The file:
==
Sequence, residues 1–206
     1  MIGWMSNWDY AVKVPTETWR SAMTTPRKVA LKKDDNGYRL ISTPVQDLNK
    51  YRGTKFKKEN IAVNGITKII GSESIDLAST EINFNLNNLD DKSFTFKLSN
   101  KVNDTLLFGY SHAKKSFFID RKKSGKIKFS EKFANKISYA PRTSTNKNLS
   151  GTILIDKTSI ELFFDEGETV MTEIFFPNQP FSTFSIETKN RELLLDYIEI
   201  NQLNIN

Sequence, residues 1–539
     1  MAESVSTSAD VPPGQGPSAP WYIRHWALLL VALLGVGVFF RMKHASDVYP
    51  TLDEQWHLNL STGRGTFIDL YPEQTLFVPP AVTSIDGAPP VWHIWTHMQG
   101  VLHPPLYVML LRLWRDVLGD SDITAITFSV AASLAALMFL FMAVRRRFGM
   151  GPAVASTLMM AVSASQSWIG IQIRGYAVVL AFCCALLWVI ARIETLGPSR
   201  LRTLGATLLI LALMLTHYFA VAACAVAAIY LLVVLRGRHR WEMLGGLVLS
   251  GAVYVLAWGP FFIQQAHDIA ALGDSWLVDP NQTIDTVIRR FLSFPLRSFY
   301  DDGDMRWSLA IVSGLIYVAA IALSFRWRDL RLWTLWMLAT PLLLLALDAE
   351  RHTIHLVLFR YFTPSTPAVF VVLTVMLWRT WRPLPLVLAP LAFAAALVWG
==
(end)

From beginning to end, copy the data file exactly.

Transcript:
Sequence, residues 1–206
     1  MIGWMSNWDY AVKVPTETWR SAMTTPRKVA LKKDDNGYRL ISTPVQDLNK
    51  YRGTKFKKEN IAVNGITKII GSESIDLAST EINFNLNNLD DKSFTFKLSN
   101  KVNDTLLFGY SHAKKSFFID RKKSGKIKFS EKFANKISYA PRTSTNKNLS
   151  GTILIDKTSI ELFFDEGETV MTEIFFPNQP FSTFSIETKN RELLLDYIEI
   201  NQLNIN

Sequence, residues 1–539
     1  MAESVSTSAD VPPGQGPSAP WYIRHWALLL VALLGVGVFF RMKHASDVYP
    51  TLDEQWHLNL STGRGTFIDL YPEQTLFVPP AVTSIDGAPP VWHIWTHMQG
   101  VLHPPLYVML LRLWRDVLGD SDITAITFSV AASLAALMFL FMAVRRRFGM
   151  GPAVASTLMM AVSASQSWIG IQIRGYAVVL AFCCALLWVI ARIETLGPSR
   201  LRTLGATLLI LALMLTHYFA VAACAVAAIY LLVVLRGRHR WEMLGGLVLS
   251  GAVYVLAWGP FFIQQAHDIA ALGDSWLVDP NQTIDTVIRR FLSFPLRSFY
   301  DDGDMRWSLA IVSGLIYVAA IALSFRWRDL RLWTLWMLAT PLLLLALDAE
   351  RHTIHLVLFR YFTPSTPAVF VVLTVMLWRT WRPLPLVLAP LAFAAALVWG